are you causing your kid's body issues?
The other morning I stood in front of the mirror, muttering to myself about the newest wrinkles that had mysteriously appeared around my eyes overnight.
In the hustle and bustle of family breakfast time, I didn't think that anyone was really listening to me complain.
And then my teenage daughter piped up. "You always tell me to love myself the way I am, Mum," she said. "You need to take your own advice."
This stopped me in my tracks because of course I knew that she was right. As a mother, I tell my children that image isn't what defines them.
I talk to them about being healthy and explain that what they see on TV isn't real, but probably the product of plastic surgery or an airbrush.
I thought I was doing pretty well in this department, if I'm honest. And yet that morning I certainly wasn't practising what I preach, and it made me think.
How many more times had I given my daughter mixed messages about body image, without even realising it?
Worryingly, a new study has found that many mothers have no idea that the words they use to describe themselves can have such a profound effect on the kids around them, especially girls.
The survey, commissioned by Dove found that a third of mothers admitted their daughters had mimicked their negative actions about their own bodies.
The women said that they'd seen their daughters sucking in their tummies to make themselves look thinner, examining the size of their thighs and even checking for wrinkles.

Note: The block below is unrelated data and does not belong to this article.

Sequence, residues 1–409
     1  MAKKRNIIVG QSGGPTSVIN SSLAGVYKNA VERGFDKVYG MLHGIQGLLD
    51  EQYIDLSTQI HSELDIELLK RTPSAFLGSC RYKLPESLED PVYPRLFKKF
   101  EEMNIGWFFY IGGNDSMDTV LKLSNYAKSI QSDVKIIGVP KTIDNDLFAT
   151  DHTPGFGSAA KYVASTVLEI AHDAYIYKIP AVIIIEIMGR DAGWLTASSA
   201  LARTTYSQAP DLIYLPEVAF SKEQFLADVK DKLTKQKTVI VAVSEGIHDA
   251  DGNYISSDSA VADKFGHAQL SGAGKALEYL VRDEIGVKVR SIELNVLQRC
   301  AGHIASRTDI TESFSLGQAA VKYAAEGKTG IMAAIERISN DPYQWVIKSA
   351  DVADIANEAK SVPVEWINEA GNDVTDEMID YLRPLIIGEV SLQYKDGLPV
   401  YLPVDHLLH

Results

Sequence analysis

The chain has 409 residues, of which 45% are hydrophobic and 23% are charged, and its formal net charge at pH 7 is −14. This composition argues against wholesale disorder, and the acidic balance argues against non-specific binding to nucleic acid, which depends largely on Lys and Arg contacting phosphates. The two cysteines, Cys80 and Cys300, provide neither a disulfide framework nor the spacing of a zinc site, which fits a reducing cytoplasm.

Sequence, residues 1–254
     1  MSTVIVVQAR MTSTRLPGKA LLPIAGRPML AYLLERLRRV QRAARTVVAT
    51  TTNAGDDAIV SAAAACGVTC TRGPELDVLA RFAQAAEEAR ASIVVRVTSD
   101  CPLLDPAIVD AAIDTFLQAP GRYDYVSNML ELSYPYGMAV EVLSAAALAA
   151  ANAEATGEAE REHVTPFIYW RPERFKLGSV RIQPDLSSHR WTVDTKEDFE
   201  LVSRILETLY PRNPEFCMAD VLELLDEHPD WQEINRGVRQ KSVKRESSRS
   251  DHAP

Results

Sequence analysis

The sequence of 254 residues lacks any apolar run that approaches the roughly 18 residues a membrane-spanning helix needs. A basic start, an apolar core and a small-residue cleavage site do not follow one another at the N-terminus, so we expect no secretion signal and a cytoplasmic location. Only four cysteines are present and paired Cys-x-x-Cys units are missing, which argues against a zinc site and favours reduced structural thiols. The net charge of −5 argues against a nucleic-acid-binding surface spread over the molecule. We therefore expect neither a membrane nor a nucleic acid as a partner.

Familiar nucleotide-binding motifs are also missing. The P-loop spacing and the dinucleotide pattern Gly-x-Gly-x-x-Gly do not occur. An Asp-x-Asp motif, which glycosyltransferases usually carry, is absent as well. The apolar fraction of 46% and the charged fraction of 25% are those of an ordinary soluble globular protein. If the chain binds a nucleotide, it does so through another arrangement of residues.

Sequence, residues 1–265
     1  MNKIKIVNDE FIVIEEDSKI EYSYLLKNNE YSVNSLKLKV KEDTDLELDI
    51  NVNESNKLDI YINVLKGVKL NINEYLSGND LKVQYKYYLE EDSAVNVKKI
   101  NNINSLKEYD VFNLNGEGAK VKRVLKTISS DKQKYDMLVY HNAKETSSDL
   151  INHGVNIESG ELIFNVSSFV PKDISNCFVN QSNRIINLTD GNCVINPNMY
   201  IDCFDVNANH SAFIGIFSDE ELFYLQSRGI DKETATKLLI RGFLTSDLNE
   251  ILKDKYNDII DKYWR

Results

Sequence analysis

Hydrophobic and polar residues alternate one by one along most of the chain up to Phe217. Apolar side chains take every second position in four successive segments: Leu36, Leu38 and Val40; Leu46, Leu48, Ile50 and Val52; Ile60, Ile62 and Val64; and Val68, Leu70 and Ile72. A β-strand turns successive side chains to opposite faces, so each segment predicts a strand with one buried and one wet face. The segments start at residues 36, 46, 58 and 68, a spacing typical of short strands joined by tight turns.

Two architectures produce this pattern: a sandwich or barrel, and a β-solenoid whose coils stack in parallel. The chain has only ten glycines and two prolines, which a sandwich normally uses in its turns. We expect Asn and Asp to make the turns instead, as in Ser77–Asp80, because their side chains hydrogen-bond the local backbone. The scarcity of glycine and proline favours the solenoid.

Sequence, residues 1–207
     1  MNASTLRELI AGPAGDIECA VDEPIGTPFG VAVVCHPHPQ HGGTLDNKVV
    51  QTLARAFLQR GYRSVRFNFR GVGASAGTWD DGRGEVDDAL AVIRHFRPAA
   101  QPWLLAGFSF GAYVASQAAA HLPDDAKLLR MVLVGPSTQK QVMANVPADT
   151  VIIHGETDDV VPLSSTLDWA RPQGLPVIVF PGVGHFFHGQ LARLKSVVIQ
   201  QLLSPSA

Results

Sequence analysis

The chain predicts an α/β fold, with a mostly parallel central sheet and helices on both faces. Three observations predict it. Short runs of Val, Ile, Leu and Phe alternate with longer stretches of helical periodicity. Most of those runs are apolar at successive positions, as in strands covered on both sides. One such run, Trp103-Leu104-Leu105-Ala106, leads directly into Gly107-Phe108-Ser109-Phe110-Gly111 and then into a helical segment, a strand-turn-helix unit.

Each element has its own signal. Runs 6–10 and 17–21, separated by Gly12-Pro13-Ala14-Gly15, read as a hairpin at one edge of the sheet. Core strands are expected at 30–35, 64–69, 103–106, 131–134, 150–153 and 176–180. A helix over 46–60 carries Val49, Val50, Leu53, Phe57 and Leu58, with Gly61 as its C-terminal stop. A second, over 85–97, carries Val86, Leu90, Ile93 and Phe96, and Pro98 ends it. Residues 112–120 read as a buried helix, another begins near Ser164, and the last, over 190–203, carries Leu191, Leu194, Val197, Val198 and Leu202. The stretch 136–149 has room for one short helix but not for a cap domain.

It's really not that surprising. We all know that kids copy what they see us say and do. When they're little, for example, the mimic how we put on lipstick or totter around the house in our high heels.
But, as they get older, they start to pick up on the little things that we think we're concealing from them. They watch us getting ready for a night out, struggling into Spanx to hide our jelly bellies before we even contemplate pulling on that little black dress.
They see us on holidays, refusing to get into a bikini because we feel too fat and self-conscious. Little by little, they start to add it all up and naturally they begin to judge themselves critically. Before long, the message that they are less than perfect is stamped on their subconscious and it might never be erased.
No-one wants to see their child develop an eating disorder or go through life plagued by years of unhappiness. So next time we're tempted to criticise ourselves when we look in the mirror, we should think before we speak. Our words are extremely powerful, and it's up to us to make sure we use them very carefully.